The distribution of pain in our patient exactly corresponds to the areas innervated by the sensory fibers of this nerve. We assume also that with a high degree of probability the cramps can be caused by the irritation of the motor fibers of the common peroneal nerve. The causative factors of the nerve involvement, in this case, are posteriorly subluxated proximal fibular heads which can compress or stretch the common peroneal nerve before it divides into superficial and deep fibular branches. This irritation of both sensory and motor fibers, in our opinion, can be the plausible explanation for why the child experienced night attacks of both pain and cramps in the legs in this case. Although during the day examination no objective neurological signs were revealed, the disappearance of these symptoms after elimination of the subluxation represents the good evidence and confirmation of our assumption about common peroneal nerve involvement.

Therefore, this compression could compromise both sensory and motor functions of the nerve. We found the possible confirmation of our concept in the article of Hardin and Devendra.33 These authors noted that incorrect or too tight placement of a splint or cast under the knees, across the fibular head after a trauma or burn, can result in compression of the common peroneal nerve. We believe that one of the likely mechanisms of the nerve compression in these cases could be the posterior proximal fibular head subluxation caused by this tightness.

In our present case, the treatment of both PTFJ subluxations turned out to be correct and highly effective. Lower leg pain and cramps ceased to bother the child already after the second visit, which occurred quite soon after the beginning of the care. The previous treatment (use of analgesics, changing shoes, padding) was ineffective.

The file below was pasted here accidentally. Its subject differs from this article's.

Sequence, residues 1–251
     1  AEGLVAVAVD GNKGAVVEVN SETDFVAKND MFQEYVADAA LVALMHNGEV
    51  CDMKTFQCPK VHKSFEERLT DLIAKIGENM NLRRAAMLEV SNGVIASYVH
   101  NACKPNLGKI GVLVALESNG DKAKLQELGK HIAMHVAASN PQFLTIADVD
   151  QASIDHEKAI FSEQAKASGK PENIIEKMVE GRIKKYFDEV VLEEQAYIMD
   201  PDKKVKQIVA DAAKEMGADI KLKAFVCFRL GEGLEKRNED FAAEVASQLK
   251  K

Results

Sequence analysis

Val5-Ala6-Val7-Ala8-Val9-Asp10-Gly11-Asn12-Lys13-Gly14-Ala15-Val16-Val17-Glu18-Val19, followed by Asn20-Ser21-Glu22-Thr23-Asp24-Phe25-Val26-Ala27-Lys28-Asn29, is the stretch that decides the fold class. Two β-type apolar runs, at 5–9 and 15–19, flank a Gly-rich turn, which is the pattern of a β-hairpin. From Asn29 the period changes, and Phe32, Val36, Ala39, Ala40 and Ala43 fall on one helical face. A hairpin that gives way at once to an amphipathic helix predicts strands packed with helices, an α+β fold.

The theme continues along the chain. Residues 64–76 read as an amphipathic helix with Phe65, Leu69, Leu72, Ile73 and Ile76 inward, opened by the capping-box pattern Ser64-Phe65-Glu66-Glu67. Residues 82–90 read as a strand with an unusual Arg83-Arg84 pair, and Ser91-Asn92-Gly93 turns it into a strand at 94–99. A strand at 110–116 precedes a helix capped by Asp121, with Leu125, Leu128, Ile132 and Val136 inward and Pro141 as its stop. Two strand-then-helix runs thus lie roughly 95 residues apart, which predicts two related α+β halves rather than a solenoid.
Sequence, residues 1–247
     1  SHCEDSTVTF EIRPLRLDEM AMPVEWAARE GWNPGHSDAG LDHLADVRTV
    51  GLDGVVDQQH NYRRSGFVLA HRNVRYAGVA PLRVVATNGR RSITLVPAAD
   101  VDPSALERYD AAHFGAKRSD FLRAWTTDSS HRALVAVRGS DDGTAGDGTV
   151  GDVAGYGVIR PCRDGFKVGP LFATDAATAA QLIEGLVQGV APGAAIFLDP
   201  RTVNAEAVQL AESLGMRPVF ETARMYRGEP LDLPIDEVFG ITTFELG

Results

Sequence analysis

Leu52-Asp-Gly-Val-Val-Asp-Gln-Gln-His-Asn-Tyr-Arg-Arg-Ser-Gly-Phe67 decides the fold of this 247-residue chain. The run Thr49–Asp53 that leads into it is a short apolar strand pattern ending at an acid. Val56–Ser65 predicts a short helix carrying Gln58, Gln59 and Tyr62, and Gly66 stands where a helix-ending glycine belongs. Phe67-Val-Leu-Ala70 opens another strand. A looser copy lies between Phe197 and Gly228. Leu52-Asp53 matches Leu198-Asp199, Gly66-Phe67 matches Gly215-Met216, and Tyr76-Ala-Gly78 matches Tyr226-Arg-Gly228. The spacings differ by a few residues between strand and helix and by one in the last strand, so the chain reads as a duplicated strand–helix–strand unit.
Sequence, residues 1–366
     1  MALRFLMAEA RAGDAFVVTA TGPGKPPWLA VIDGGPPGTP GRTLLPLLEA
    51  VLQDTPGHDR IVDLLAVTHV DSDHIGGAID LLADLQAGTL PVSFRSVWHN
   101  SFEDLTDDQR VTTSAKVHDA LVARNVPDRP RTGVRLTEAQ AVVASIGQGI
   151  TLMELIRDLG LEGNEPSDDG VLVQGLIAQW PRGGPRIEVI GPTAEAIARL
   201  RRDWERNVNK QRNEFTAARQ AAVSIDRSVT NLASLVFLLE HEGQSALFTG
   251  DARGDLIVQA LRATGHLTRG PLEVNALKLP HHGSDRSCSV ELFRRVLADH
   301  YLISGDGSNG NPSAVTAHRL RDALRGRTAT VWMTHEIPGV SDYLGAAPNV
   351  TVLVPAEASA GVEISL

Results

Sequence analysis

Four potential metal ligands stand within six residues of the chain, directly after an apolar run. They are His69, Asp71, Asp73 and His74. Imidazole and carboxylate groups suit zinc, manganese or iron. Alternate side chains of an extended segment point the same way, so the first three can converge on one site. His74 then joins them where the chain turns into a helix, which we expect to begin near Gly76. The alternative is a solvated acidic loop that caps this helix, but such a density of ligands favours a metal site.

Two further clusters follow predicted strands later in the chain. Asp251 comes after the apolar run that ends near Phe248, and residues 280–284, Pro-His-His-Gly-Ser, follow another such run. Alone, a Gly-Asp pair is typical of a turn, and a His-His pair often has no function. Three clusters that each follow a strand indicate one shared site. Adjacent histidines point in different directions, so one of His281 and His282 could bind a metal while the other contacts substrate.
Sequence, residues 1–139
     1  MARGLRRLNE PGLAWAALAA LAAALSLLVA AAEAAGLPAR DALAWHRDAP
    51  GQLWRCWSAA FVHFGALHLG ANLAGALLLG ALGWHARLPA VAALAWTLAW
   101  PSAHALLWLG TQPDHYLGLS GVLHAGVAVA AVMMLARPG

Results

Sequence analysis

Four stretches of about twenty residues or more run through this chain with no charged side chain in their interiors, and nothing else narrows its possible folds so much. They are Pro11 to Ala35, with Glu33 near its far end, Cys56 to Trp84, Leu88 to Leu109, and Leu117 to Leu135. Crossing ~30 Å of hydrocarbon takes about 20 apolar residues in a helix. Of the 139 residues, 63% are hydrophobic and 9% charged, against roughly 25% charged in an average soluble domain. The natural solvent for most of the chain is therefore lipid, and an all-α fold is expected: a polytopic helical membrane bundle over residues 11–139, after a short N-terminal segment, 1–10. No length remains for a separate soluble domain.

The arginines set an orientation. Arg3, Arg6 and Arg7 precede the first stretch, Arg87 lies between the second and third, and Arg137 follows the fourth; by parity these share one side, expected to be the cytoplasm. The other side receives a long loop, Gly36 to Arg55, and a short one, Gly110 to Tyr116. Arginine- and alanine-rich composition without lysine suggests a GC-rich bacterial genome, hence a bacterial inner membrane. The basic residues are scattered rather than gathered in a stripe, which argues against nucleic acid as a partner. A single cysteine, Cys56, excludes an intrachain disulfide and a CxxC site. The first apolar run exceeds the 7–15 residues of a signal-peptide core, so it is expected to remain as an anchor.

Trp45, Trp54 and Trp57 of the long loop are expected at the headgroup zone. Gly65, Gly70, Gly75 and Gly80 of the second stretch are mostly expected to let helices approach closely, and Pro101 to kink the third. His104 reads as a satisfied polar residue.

In general, the treatment of PTFJ injury depends on many factors. In the case of tibiofibular instability, some clinicians recommend surgical treatment, even if the injury is not associated with trauma.25 Other specialists, however, prefer to use the surgery only when the conservative treatment is ineffective,14,23 or only when chronic problems or neurological symptoms exist, and surgery is generally considered a last resort.30 After analyzing 44 publications, Kruckeberg34 found that such surgical approaches as fixation and fibular head resection are not safe and are associated with high complication rates.

Based on the data of other clinicians, the character and duration of the treatment should depend on the type of PTFJ injury and its severity.15,23 In the case of PTFJ subluxation (taking into account Ogden’s classification) the conservative treatment is usually the first choice,35 but with varying degrees of efficiency and therapy duration: immobilization,14 anti-inflammatory drugs,15 physical therapy,29 wearing a supportive strap around the involve PTFJ,20 mobilization,15,36 manipulation.21,24,37 Although subluxation of this joint is less recognized than its dislocation,20,23 the use of manipulation in this type of injury can be quite successful.21,37 For example, De Franca38 reported immediate and dramatic relief of knee and thigh pain after the manipulation of the PTFJ. Beazell37 used the PTFJ manipulation in a young runner with three months of knee pain, and this patient was able to resume running without pain in just one week after the initial intervention. Taking into consideration the

objective finding (posterior subluxation), we have chosen the most logical and easiest treatment approach which resulted in the alignment of the PTFJarticular surfaces. It was the manipulation. And this approach has led to a rapid and stable clinical effect.


1. Lower leg pain and cramps could be associated with PTFJ subluxation.

2. In the case of posterior PTFJ subluxation, the subluxated proximal fibular heads can compress and/or stretch the common peroneal nerve.

3. The common peroneal nerve involvement can be the most likely causative factor of lower leg pain and cramps in the case of PTFJ subluxation.

4. The high-velocity low-amplitude thrust manipulation could be the primary and optimal treatment in the case of PTFJ injury if its damage is limited just by subluxations of these joints.


We would like to thank Professor Brent Russell from Life University for his help and recommendations in the process of preparation of this article.


The authors declare that they have no conflicts of interest.